NewCold creates strategic transportation hub for food producers to promote efficiency and sustainability
Last month, NewCold, a Netherlands-based company, celebrated the grand opening of the first phase of a highly automated cold storage facility in Lebanon, Indiana. Even before that project was finished, the company had announced in July that it was investing an additional $150 million in the same location to nearly double its original planned size of the facility to 710,000 square feet—which will make it one of the largest cold storages in the world. The new facility, located around 30 miles northwest of downtown Indianapolis, functions as a food warehouse, receiving products from producers such as ConAgra and distributing them to retailers like Walmart and Costco.
The NewCold development is interesting on several different levels. One, of course, is the size of the project, which is much larger than the typical cold-storage facility in the United States. According to a report from CBRE Research, traditional cold-storage warehouses usually measure between 150,000 and 400,000 square feet.
Another is its location in the Indianapolis area, which was designed, according to Jonas Swarttouw, NewCold’s Executive Vice President, and Chairman, of North America, to optimize shipper and receiver supply chains.
“We work very closely with the country’s largest food shippers,” said Swarttouw, in an exclusive interview with the AJOT. “We analyze their supply chains and pick the right location to store and distribute their products. In the case of ConAgra, one of our key customers, we came to the conclusion that for Midwest distribution and plants, the Indianapolis area was best to minimize transportation costs and have the most sustainable supply chain.”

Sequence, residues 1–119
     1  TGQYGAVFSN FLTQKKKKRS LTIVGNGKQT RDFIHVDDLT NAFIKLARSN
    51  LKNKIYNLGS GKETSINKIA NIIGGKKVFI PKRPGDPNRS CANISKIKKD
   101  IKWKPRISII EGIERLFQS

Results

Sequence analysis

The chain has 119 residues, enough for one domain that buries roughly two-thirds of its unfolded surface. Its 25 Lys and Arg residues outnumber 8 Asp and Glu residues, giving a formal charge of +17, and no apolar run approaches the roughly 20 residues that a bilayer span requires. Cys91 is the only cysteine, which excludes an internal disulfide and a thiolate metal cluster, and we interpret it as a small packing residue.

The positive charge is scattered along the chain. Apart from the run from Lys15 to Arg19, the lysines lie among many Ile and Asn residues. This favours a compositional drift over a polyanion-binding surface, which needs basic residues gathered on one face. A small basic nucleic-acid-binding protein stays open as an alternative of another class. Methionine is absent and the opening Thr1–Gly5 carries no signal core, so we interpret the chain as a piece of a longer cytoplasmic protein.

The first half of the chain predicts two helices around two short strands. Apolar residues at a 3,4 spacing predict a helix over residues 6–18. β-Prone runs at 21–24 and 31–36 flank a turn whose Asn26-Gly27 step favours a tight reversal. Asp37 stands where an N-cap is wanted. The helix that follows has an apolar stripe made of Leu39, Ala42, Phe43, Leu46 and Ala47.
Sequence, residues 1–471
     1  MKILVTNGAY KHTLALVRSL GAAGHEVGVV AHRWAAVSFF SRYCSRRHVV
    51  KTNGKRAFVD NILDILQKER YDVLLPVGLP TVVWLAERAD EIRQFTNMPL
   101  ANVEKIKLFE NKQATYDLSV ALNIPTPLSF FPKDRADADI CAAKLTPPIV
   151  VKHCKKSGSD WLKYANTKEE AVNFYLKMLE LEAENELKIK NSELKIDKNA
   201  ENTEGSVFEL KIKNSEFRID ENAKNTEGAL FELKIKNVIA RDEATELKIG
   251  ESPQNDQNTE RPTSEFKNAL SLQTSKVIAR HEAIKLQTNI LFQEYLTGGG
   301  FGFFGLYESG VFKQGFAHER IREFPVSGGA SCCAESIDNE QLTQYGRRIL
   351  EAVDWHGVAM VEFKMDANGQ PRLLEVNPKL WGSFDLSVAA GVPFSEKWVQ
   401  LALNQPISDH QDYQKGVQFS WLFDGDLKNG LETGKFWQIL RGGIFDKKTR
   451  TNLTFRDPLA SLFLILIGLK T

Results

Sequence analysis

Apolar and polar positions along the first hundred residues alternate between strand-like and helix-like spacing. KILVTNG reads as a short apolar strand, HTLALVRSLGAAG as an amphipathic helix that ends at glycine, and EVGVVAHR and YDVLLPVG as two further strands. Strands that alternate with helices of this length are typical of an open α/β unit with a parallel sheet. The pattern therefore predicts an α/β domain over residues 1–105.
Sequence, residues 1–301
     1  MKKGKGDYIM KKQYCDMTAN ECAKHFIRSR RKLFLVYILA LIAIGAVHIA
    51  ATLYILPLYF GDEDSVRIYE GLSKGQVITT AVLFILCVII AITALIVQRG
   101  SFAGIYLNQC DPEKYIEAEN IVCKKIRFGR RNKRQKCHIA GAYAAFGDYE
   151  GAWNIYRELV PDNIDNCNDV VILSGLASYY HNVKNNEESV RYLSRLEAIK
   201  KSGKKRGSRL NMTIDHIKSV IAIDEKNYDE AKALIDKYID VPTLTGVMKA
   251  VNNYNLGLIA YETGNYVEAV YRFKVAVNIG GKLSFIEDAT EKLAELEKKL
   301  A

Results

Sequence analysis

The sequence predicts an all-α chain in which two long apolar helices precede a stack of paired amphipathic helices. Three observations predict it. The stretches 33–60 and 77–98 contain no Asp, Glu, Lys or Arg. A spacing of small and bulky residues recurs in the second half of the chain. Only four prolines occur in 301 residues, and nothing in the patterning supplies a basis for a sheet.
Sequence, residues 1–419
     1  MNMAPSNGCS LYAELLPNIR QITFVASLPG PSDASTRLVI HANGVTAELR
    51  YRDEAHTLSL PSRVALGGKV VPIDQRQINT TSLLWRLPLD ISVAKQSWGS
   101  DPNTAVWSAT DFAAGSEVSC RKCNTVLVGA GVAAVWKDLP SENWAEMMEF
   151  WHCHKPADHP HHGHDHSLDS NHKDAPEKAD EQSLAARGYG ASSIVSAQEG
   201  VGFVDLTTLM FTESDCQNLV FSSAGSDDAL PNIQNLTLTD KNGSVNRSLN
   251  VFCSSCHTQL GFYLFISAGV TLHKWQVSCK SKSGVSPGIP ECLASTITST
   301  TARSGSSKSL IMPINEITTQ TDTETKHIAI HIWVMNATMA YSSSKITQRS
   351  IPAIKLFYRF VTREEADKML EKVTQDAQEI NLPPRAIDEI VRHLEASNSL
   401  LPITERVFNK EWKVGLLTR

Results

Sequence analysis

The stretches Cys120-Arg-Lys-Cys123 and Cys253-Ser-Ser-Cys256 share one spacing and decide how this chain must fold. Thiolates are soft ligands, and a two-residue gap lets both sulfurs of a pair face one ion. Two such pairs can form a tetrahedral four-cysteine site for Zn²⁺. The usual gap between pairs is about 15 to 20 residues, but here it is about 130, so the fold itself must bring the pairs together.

Indiana and Cold Storage
Indianapolis is no stranger to cold-storage and distribution facilities. DB Schenker Americas has maintained a temperature-controlled facility in Indianapolis since 2005, doubling its size in 2021. DHL Supply Chain established a temperature-controlled site in Indianapolis in 2019.
Energy costs are key to figuring the costs to operate any cold-storage facility, and Indiana is advantaged when it comes to utility prices. According to data from the U.S. Energy Information Administration, electric power in Indiana costs around 8% less than the national average.
NewCold’s approach calls for building high, in the case of Lebanon, 150 feet off the ground. That increases the storage density, and, according to Swarttouw, makes the facility more energy efficient and more sustainable.
“Newcold’s warehouses have been shown to be around 50% more energy efficient than conventional cold-storage facilities,” said Swarttouw. The size of the facility also contributes to the “consolidation and simplification” of supply chains, and that “leads to a reduction in transportation mileage,” all of which contributes to energy efficiency and sustainability.
Building as tall as NewCold does presents challenges when it comes to the availability of suitable real estate. “When you drive around the countryside, you see a lot of empty places where you could potentially build a warehouse,” said Swarttouw. “However, there’s not a lot of land available at the right…